Babruysk occupies an area of 66 square kilometres (25 sq mi), and comprises over 450 streets whose combined length stretches for over 430 km (267 mi).

Babruysk is located at the intersection of railroads to Asipovichy, Zhlobin, Kastrychnitski and roads to Minsk, Gomel, Mogilev, Kalinkavichy, Slutsk, and Rahachow. It has the biggest timber mill in Belarus, and is also known for its chemical, machine building and metal-working industries.

In 2003, there were 34 public schools in Babruysk, with over 34,000 students. There are also three schools specializing in music, dance and visual arts. Additionally, there is a medical school and numerous professional technical schools.

Districts of Belarus

Districts of Belarus (raion) are second-level administrative territorial entities of Belarus.

In Belarus, raions (Belarusian: раён, rajon) are administrative territorial entities subordinated to oblasts.

Dzmitry Barazna

Dzmitry Anatolyevich Barazna (Belarusian: Дзмітрый Анатольевіч Баразна; Russian: Дмитрий Анатольевич Борозна, Dmitri Anatolyevich Borozna; born 19 November 1973 in Asipovichy) is a former Belarusian football player.

Dzyanis Sashcheka

Dzyanis Sashcheka (Belarusian: Дзяніс Сашчэка; Russian: Денис Сащеко; born 3 October 1981 in Asipovichy) is a Belarusian professional footballer who is currently playing for Torpedo Minsk.

European route E271

European route E 271 is a Class B road part of the International E-road network. It runs only through Belarus, begins in Minsk and ends in Gomel.

Route: Minsk - Asipovichy - Babruysk - Zhlobin - Gomel.

On entire length, E 271 follows the route of Belarusian national highway .

German occupation of Byelorussia during World War II

The occupation of Belarus by Nazi Germany started with the German invasion of the Soviet Union on June 22, 1941 (Operation Barbarossa) and ended in August 1944 with the Soviet Operation Bagration. The western parts of the Belorussian Soviet Socialist Republic (as of 1940) became part of the Reichskommissariat Ostland in 1941, but in 1943 the German authorities allowed local collaborators to set up a client state, the Belarusian Central Rada, that lasted until the Soviets liberated the region.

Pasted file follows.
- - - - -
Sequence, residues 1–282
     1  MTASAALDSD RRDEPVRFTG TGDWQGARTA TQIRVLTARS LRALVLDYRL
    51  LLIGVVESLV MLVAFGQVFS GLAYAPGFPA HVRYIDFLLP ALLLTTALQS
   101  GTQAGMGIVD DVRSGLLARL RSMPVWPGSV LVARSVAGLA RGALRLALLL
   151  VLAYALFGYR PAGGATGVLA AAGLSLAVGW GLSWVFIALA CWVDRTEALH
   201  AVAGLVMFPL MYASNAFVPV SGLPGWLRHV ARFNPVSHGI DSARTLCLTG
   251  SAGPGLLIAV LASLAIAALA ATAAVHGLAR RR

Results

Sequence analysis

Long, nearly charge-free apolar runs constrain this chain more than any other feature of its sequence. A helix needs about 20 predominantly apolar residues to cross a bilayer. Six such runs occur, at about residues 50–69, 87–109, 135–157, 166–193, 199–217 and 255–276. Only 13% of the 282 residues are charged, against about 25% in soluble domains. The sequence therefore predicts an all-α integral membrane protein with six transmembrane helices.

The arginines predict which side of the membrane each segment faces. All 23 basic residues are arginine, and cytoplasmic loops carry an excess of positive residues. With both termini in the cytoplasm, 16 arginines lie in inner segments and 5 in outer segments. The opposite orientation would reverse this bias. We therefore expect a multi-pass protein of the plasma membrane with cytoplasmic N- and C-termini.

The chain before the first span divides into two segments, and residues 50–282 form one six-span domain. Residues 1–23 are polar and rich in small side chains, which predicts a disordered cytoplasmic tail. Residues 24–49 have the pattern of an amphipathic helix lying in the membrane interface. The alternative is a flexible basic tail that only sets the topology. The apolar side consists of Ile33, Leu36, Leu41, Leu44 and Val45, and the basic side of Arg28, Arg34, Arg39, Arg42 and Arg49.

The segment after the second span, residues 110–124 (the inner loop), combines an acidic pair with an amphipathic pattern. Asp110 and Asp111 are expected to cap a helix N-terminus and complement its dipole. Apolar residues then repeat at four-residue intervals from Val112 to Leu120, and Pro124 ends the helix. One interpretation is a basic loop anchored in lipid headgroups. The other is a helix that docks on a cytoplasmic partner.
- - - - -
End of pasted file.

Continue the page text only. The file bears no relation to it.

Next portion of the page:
History of Belarus

This article describes the history of Belarus. The Belarusian ethnos is traced at least as far in time as other East Slavs.

After an initial period of independent feudal consolidation, Belarusian lands were incorporated into the Kingdom of Lithuania, Grand Duchy of Lithuania, and later in the Polish–Lithuanian Commonwealth, and the Russian Empire and eventually the Soviet Union. Belarus became an independent country in 1991 after declaring itself free from the Soviet Union.


Klichaw (Belarusian: Клічаў; Russian: Кличев, Polish: Kliczew) is a town in Mogilev Region, Eastern Belarus. It is located in the southwest of the Region and serves as the administrative center of Klichaw Raion. As of 2009, its population was 7,521.